April 6, 2018

 

Fishtailing at 100 miles per hour

 

 

Dear BrickStreet Folks:

 

In our last commentary we asked the question “What happened on January 30?” The market made a quick two day sell off and traded 2,721 points lower after a full year of steady, uninterrupted daily stair steps higher. 

 

Since the market fell those two days, we have seen extraordinary daily volatility with the market making large intraday moves of 500 plus points several times. As of yesterday, the market has swung over 2% intraday three times since January 30th.

 

So, like our car in Nancy’s illustration, if the vehicle is traveling 100 miles per hour on a two lane road and begins fishtailing, the car is more likely than not to end up in the ditch.

 

The indecision, minute to minute reaction to Washington policy, and news headlines has the US markets fishtailing with over reactions on each side of the road. Just before it crashes, the buyers take the wheel and jerk the market higher. And just before it busts through technical upside resistance, the sellers react and sell it back down.

 

We also wrote last year that the only thing that would take this market down was either bad policy or no policy, as the market had totally ignored everything from missiles flying over Japan, to calls for Presidential impeachment, to the Federal Reserve raising interest rates.

 

Policy is obviously a market mover.

 

The debate about if the trade, immigration, or tax policy that is coming out of Washington is good or bad is irrelevant. There is no debate that it has been bad for market stability. Coupled with a market that has risen well beyond all expectations in such a short time, a sell off is not a bad thing… the instability of the markets is a bad thing.

 

We expect the swings to get more erratic over the next few months as traders and algorithmic trading systems attempt to chase the trades for short term profits. Trading short term has not been profitable for the last two years as the markets were so stable that traders lost money practically every time they sold shares.  For over 15 months every sell seemed to be followed by having to buy the same shares at a higher price a day or so later. Traders were getting hammered.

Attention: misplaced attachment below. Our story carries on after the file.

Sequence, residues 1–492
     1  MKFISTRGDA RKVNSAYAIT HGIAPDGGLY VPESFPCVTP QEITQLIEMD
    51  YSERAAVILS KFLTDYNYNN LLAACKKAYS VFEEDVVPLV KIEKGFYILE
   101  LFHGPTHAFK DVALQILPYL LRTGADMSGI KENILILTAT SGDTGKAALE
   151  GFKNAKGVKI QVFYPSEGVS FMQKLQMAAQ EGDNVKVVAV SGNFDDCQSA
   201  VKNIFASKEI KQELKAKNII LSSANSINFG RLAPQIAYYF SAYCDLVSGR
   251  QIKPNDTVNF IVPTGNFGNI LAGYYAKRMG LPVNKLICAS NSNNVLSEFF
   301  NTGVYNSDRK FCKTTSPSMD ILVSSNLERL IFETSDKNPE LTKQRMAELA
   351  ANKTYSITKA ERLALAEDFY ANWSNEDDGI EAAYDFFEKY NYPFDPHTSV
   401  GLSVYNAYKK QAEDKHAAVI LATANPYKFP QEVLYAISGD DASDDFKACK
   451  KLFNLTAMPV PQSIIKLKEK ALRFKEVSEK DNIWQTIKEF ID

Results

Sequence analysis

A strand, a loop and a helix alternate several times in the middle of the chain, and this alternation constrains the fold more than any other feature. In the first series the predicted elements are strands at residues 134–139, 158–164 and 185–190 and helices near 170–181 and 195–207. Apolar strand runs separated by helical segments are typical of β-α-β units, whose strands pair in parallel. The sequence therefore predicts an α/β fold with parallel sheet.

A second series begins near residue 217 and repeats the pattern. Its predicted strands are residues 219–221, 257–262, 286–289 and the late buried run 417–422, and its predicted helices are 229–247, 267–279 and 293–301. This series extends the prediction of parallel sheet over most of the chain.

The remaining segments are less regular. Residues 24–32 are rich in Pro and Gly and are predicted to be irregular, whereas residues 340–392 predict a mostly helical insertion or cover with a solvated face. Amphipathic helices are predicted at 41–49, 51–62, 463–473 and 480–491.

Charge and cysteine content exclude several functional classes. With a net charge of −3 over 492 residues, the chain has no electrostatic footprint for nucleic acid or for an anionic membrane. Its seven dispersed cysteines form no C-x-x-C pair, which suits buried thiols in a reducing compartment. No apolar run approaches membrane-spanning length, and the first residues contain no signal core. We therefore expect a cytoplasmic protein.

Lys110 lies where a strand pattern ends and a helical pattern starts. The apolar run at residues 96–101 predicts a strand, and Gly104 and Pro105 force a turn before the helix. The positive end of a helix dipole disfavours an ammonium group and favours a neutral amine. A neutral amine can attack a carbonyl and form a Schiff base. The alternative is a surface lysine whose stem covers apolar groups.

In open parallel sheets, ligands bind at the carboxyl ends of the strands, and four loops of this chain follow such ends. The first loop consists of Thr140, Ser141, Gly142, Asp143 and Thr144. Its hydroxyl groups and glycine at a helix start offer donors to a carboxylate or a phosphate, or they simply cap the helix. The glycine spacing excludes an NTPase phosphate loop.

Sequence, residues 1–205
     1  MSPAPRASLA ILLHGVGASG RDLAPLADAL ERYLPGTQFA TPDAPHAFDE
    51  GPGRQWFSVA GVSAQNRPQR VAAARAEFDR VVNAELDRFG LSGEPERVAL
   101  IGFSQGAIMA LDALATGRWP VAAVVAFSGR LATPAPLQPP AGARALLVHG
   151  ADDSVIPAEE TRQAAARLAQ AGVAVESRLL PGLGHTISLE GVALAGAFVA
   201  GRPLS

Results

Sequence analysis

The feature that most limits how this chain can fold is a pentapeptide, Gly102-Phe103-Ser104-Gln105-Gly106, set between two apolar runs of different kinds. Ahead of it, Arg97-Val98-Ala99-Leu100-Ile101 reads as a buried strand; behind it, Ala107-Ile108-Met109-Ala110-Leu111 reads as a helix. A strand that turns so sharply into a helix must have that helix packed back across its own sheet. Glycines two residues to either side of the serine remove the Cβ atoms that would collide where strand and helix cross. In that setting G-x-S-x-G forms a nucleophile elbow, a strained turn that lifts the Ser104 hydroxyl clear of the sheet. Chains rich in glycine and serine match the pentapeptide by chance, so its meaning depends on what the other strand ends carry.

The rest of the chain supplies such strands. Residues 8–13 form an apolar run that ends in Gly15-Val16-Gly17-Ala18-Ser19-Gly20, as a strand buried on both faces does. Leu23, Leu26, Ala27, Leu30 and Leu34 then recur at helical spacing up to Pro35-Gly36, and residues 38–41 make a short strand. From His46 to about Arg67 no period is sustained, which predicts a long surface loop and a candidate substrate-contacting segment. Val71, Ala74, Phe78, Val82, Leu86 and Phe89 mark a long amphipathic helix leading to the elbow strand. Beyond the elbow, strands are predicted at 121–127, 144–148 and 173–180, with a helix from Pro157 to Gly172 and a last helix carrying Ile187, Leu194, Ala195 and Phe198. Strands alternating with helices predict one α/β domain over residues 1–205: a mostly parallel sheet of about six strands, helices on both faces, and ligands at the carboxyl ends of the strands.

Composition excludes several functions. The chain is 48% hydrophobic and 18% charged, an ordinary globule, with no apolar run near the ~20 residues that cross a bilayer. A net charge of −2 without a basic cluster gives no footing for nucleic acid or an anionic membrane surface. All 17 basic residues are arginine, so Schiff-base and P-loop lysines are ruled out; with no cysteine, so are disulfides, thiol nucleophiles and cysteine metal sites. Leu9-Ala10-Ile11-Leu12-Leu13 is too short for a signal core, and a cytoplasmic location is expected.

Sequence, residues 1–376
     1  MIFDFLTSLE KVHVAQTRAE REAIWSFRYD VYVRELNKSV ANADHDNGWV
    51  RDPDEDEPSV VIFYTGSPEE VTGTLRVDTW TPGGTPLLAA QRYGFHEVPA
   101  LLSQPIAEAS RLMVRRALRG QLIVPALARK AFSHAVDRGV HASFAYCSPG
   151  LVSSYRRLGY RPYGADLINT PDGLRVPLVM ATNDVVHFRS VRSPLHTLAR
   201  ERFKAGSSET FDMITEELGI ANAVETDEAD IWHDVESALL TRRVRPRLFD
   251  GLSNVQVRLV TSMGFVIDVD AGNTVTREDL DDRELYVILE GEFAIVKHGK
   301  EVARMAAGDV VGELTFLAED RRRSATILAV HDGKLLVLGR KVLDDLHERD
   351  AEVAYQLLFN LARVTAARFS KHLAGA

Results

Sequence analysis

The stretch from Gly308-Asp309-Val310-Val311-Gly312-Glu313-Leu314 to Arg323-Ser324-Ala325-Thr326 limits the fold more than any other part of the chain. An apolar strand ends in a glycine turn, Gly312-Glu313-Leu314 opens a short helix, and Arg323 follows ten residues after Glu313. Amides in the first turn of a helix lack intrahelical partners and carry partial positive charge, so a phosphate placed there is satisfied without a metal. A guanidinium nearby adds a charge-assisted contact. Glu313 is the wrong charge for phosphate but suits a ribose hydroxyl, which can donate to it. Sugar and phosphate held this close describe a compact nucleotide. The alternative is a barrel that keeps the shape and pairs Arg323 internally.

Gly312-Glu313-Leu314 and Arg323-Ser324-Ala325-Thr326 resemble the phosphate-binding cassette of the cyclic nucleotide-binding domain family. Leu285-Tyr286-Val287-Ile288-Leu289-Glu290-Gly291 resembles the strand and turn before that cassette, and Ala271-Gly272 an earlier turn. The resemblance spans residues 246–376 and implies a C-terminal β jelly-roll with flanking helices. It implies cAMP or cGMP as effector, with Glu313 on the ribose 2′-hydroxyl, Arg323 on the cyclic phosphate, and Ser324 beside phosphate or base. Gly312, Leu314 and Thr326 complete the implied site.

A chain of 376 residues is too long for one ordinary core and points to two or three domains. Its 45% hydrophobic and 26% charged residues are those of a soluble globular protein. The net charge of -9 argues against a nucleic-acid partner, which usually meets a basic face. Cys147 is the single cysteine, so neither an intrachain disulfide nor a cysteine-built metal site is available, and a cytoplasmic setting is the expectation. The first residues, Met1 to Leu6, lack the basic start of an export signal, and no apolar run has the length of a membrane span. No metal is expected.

Morgan Stanley and Goldman Sachs both reported trading revenue for 4th quarter 2017 that was the worst in nine years. There is no doubt that both firms will be publishing excellent revenue numbers from debt and equity trading for the first quarter of 2018.

 

But for you and me, these market swings are not desirable or comforting as we have a long term perspective and would be fine with calm, steadily rising markets. Even a steady declining market is manageable… but extremism and frantic chaos can be unsettling when it comes to our financial security.

 

We have been through this a couple of times over the last three decades.

 

1987, 2000 and 2008 were somewhat similar markets that we have lived through and managed well through. The market environment today is not unique or new to its irrationality. Markets are irrational by nature. Wealth is created when markets are inefficient. When valuations get extreme… either over valued or undervalued… that is when wealth can be created with the most certainty. 

 

Understanding a company’s fundamental value is paramount to making profit in a down market.

 

As policy sends this market weaving and swerving towards the ditch, we are prepared to take positions in companies that we know well, that are run by good people, and that have excellent long term valuation prospects. Just when the market will hit the ditch, no one really knows. But the likelihood of it happening has increased since late January.

 

We are ready.

 

Sincerely,

 

Matthew Burril

 

Providing advice to build and maintain wealth.